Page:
Pedagogy of oppression: Reconstruction narratives in Mississippi history textbooks 1887-1976
The goal of this study was to identify and analyze Reconstruction narratives in Mississippi History textbooks from 1887-1981 and identify themes that helped maintain the existing social structure/ hierarchy. The Reconstruction narratives in these texts created a myth of corrupt Reconstruction that was run by others who were characterized as evil, dishonest, ignorant, outsiders, and greedy. This narrative helped to support the maintenance of the existing social order from post Reconstruction through the 1960s and 1970s. It also provided, or reinforced, intellectual arguments used to resist desegregation during the Civil Rights Era.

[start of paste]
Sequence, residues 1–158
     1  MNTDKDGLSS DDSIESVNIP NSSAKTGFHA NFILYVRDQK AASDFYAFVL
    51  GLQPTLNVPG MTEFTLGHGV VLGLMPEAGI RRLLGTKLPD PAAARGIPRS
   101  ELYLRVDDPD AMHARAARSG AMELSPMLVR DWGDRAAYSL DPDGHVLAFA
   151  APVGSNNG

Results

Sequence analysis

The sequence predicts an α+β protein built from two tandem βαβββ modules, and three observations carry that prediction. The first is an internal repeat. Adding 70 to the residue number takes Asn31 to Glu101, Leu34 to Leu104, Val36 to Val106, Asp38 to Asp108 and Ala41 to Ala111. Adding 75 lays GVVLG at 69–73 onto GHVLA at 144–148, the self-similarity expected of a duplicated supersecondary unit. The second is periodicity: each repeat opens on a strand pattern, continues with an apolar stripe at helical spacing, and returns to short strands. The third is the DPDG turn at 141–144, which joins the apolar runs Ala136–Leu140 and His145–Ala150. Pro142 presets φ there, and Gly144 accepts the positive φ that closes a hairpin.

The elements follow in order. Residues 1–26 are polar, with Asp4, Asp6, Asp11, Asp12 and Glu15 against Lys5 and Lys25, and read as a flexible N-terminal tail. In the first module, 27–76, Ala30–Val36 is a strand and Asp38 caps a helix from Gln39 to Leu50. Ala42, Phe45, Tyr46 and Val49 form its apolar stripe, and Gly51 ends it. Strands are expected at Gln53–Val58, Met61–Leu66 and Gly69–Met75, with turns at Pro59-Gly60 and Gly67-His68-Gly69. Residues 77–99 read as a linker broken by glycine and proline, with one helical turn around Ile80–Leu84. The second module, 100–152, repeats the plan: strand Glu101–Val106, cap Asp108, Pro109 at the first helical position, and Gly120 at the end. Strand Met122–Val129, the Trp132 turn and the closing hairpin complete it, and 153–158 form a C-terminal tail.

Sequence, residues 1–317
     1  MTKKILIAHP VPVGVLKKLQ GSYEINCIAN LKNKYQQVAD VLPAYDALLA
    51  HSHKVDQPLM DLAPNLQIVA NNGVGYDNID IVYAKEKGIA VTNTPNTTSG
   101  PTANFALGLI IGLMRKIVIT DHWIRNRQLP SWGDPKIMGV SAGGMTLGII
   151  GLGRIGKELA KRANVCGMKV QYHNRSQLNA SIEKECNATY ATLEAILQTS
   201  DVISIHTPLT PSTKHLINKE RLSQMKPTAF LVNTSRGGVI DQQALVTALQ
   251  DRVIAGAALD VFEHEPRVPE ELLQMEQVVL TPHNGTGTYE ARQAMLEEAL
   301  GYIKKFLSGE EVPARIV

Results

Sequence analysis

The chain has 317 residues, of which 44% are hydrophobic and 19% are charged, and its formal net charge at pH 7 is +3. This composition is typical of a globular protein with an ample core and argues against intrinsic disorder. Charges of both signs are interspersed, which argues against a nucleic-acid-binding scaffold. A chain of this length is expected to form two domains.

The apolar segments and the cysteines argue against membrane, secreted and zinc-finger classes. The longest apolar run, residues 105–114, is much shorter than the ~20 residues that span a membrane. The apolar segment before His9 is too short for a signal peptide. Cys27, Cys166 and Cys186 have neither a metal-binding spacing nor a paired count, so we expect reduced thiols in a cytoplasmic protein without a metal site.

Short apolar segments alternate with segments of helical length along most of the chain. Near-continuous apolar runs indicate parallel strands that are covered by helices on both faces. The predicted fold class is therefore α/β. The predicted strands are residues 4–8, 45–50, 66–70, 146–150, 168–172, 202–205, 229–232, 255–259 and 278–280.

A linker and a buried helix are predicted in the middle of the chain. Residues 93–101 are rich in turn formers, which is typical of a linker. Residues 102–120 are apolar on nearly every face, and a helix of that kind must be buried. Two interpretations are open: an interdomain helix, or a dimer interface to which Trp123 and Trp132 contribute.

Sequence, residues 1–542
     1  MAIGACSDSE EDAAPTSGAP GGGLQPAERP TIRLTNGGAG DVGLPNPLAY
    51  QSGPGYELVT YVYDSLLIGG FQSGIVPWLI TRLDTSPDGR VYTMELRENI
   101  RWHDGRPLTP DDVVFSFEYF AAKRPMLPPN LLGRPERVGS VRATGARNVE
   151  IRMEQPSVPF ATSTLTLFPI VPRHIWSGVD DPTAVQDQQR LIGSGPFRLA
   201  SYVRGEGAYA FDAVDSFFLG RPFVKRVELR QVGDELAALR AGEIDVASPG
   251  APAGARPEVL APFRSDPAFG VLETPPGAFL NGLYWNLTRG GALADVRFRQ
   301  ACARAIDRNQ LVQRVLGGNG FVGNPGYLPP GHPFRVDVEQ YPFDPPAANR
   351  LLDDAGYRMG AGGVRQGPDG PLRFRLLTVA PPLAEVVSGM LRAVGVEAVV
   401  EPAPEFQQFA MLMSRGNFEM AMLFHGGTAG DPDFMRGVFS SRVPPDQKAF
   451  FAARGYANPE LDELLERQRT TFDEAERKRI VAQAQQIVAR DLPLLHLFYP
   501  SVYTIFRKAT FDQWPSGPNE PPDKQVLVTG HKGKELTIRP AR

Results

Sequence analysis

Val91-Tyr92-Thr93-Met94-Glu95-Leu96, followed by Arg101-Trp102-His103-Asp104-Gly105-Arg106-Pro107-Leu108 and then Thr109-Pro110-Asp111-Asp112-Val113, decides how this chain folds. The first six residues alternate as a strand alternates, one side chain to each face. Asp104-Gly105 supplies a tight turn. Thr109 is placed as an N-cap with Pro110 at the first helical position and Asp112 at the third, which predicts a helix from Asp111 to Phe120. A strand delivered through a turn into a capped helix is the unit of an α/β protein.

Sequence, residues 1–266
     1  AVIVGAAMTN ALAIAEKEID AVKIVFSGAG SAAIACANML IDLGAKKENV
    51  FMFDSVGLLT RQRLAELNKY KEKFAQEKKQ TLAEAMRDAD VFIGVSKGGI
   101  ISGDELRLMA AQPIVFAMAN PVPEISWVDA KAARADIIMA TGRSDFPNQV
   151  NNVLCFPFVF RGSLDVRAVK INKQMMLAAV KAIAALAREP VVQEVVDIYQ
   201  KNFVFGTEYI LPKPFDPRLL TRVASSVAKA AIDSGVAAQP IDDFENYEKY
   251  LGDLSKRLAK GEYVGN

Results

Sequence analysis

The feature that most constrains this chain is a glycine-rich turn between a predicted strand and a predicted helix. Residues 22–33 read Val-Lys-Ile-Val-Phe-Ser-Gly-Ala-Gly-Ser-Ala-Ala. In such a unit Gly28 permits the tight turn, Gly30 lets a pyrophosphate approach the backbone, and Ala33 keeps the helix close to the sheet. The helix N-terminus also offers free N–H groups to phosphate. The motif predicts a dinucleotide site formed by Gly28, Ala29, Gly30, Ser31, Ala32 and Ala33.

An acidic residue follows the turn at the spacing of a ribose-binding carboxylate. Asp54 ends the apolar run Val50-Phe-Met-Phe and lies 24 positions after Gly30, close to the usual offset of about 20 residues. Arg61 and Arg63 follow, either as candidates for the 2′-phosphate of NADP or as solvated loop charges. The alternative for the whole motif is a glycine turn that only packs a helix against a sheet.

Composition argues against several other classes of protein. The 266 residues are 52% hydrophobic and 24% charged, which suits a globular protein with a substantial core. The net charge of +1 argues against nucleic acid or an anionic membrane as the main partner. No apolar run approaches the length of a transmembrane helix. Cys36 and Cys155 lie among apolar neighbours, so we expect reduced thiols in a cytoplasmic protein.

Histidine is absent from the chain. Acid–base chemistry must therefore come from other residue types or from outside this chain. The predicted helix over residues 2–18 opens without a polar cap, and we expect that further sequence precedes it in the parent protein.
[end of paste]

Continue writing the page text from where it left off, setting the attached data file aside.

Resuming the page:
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Historical Encounters is a double blind peer-reviewed, open access, interdisciplinary journal dedicated to the empirical and theoretical study of historical consciousness, historical cultures, and history education.
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